6. Zhi (知) Knowledge of what is right and wrong; what is Moral and Fair. To "know" is to follow out a learned system of naming and evaluating, to be guided by a learned process of construing that we are taught when we learn a language. It is literally to “realize” or to make real that which is known.
7. We should not fail to mention the concept of De 徳 often translated as Virtue or Power but it can also be thought of as “efficacy” or “excellence” in terms of becoming one’s own person. One who accomplishes this exercises an unspoken “charismatic” power over others—they flock to a junzi 君子 or a renren仁人 precisely because they manifest something clear and distinct: a radiance, an energy, a compelling “authoritativeness” that attracts others to them by their example, and by their sheer “presence.” We want to follow and or be like that kind of person. It is said that Jesus had this capability of looking at the people he selected to follow him and calling them out. They dropped whatever they were doing and came to him. The great classical Daoist text, the Daodejing, juxtaposed these two characters: the Dao 道 and the De 徳 pointing to something like a “Pathway to Realizing Excellence and Charismatic Power in One’s Being.” But nobody calls ii that. It is usually glossed as something like “The Way and Its Power” though I appreciate Ames and Hall’s rendition: “Making Life Significant” which we will be reading shortly.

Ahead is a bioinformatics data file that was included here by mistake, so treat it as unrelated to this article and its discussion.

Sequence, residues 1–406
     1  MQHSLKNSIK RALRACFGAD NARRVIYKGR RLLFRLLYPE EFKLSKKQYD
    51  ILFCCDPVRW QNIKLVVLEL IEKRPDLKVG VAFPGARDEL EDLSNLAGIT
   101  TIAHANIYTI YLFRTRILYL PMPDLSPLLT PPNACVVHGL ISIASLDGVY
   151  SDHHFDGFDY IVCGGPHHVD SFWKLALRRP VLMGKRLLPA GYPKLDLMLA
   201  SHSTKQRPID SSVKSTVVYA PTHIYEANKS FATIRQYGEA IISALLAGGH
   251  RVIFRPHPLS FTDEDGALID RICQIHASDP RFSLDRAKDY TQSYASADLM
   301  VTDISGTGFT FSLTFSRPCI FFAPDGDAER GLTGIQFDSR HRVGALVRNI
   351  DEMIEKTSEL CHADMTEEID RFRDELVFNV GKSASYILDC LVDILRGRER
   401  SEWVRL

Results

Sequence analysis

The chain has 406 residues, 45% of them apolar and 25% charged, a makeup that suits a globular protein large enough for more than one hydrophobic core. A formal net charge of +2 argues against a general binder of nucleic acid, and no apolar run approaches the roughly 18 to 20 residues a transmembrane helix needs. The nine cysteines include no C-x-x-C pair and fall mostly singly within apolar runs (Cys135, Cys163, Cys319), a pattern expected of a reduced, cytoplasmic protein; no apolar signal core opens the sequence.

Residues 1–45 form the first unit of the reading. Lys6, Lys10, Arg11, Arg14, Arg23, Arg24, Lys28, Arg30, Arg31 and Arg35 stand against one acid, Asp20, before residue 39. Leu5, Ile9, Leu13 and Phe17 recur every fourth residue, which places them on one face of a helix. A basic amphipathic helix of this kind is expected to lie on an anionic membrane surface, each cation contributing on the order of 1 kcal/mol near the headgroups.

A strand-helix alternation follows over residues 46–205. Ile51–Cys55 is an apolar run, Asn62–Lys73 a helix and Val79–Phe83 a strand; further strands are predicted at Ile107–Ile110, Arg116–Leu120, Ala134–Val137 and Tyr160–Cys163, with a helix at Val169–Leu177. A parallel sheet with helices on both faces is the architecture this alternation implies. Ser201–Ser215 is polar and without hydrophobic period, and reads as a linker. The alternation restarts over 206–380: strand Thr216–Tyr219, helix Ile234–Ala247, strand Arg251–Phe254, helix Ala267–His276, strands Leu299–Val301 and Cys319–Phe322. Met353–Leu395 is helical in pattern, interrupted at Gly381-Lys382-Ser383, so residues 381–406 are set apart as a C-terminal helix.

8. Reciprocity (shu 恕)--
Zi Gong asked: "Is there any one word that can serve as a principle for the conduct of life?" Confucius said: "Perhaps the word 'reciprocity': Do not do to others what you would not want others to do to you." (Analects XV:23)
The importance of reciprocity, and the mutual responsibility of one person for another, is essential to understanding the five basic human relations suggested by Confucius. Very prominent in the Confucian tradition is the idea of the five relationships between, if you take it according to Mencius, parent and child, minister and ruler, husband and wife, older and younger brother, friend and friend. The order of the five relationships is taken from that given by Confucius' most famous follower, the philosopher Mencius (active 372-289 B.C.E.) whose conversations were recorded in the book Mencius.